Right now, Agloro is conducting workshops to build the game through participatory design, which involves the input of the people whose stories will be told through the game.

“We are a globalized world, and migration is the reality of the world today. So it’s important to know about the person who is picking your coffee and your pineapples, and the reality is not necessarily what you see on packaging or as a tourist,” she said.

Indeed, the goal of the Latino Pacific Archives is for it to serve as a free resource for people everywhere who want to learn more about Latino migration in the Pacific. Guevarra even hopes the archive can be used in schools as a learning and teaching tool for K-12 students.

“If you can just click and get access to an archive or a photograph collection, or to some of the different things that we can dig up, you can see just how extensive this history is and how much the Latino populations have contributed to the economies and the social fabric of the places they now call home,” said Guevarra. “It’s something that I hope to keep building more and more as the years go by.”

Aside from educating people on how Latinos are forming successful new communities in the Pacific, the archive will also showcase how they’re maintaining ties to their homelands by keeping their traditional cultures alive in the diaspora.

“It’s just fascinating to see the different generations and the different ways people identify in the communities where they’re at now,” Guevarra said, “so [the archive] will also document cultural festivals and all the places where they’re making a space for themselves and integrating with the larger community. ... The Latino Pacific Archive is the vehicle for them to tell those stories.”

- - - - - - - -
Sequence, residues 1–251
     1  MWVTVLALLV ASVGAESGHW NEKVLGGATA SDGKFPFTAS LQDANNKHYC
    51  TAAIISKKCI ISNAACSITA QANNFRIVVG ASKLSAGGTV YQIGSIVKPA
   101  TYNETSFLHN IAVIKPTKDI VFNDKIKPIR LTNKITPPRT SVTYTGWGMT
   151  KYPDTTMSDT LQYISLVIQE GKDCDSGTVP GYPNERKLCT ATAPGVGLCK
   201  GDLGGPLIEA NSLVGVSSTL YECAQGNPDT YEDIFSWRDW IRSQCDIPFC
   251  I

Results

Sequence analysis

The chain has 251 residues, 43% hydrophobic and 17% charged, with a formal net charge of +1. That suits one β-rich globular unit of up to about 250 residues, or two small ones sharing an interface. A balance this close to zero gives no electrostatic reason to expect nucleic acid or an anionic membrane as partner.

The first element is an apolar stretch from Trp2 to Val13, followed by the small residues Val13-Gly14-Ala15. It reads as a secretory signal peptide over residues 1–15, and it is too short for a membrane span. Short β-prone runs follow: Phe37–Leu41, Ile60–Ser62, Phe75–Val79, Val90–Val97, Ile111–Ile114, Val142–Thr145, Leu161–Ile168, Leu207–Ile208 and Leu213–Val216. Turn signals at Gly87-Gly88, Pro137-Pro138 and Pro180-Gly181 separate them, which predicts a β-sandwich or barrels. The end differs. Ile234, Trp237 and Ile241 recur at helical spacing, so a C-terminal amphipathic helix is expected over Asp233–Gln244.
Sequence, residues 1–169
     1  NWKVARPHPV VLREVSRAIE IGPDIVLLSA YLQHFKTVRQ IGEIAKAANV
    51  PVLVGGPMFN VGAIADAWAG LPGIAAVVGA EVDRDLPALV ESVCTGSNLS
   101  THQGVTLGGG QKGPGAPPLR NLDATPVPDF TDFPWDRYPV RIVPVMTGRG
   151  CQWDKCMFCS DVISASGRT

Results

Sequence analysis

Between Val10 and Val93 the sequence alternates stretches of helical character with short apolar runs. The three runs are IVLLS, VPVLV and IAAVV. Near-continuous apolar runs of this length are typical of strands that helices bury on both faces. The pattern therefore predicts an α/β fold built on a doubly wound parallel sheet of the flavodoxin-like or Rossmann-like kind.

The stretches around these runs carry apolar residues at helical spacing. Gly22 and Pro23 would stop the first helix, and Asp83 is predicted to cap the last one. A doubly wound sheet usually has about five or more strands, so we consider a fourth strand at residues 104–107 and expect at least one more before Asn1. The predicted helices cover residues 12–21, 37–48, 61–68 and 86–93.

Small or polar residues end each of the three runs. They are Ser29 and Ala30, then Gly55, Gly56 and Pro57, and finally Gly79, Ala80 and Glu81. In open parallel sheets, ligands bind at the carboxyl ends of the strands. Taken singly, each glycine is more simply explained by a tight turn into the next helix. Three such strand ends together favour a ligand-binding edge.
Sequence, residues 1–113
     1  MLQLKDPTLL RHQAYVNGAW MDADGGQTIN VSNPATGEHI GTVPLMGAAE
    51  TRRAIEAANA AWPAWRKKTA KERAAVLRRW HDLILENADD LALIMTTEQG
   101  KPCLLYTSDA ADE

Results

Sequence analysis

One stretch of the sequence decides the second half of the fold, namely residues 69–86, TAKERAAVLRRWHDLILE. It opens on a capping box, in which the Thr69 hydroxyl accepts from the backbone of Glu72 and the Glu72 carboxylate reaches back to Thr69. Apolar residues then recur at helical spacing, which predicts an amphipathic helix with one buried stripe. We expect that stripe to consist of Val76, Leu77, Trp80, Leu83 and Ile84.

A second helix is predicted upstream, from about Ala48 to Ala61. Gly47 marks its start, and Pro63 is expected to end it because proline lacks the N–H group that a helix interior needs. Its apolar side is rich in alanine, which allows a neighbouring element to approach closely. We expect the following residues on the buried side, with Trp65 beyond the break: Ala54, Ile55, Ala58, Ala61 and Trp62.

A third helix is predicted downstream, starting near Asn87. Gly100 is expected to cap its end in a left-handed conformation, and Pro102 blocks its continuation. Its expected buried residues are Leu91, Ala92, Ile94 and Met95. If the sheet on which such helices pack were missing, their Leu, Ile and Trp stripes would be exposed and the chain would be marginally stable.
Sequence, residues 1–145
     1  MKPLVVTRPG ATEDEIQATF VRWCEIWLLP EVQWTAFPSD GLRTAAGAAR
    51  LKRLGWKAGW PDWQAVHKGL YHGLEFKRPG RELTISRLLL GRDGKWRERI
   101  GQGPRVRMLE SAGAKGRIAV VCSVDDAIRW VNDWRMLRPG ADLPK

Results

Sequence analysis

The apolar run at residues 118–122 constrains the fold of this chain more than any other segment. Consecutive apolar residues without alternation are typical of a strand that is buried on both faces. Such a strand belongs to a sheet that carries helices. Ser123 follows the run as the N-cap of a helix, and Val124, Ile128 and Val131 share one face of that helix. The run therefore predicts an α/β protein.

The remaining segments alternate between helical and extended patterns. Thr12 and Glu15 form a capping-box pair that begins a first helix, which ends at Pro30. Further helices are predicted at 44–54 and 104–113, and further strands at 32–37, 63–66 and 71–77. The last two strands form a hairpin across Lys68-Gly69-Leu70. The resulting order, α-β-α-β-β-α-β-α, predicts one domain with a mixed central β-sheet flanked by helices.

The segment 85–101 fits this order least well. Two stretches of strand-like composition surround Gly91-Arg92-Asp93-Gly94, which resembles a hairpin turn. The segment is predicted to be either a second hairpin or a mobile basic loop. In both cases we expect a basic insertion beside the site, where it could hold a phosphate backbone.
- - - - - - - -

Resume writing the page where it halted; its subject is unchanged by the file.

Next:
Top photo courtesy of Rudy Guevarra Jr., depicting a Christmas Day parade in Wellington, New Zealand, in December 2014.

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Health and the city

Study: The higher the population density, the higher the physical activity level
April 1, 2016

ASU part of international study that shows how a city is built can encourage physical activity, up to 90 more minutes per week

Air pollution. Heavy traffic. Too much concrete. Not enough parks or bike paths. Cities can get a bad rap when it comes to being spaces that encourage healthy behaviors.

But a new international study shows that characteristics of cities such as high population and density might in fact lead to better health through more physical activity — if cities are willing to spend a little extra to put in the proper infrastructure.

“We’ve been taught that when it comes to health it’s all about personal responsibility, but what our research is showing is that it’s more than just eating right and getting your exercise,” said Marc A. Adams, an assistant professor in Arizona State University’s School of Nutrition and Health PromotionThe School of Nutrition and Health Promotion is in the College of Health Solutions. and member of one of 12 international teams that worked on a recently published study that highlights our health is a function of where we live.

“The environment also matters and has a huge influence on how active we are as a society. Municipal leaders and planners can improve our cities and environments to where we don’t have to think about forcing ourselves to go outside and be active. If it’s built smart enough, it will all come natural.”

Published in The Lancet, the study, called “Physical Activity in Relation to Urban Environments in 14 Cities Worldwide,” was a cross-sectional comparative study that examined 6,822 adults ages 18-66 from 14 citiesThe cities were Ghent, Belgium; Curitiba, Brazil; Bogota, Colombia; Olomouc, Czech Republic; Aarhus, Denmark; Hong Kong; Cuernavaca, Mexico; North Shore, Waitakere, Wellington and Christchurch, New Zealand; Stoke-on-Trent, England, and — in the U.S. — Seattle and Baltimore. in 10 countries from the International Physical Activity and Environment Network. Their neighborhoods were measured using Geographic Information Systems, a mapping tool to measure spatial features. Physical activity was measured by using accelerometers, research-grade devices worn around participants’ waists for a minimum of four days, recording movement every minute.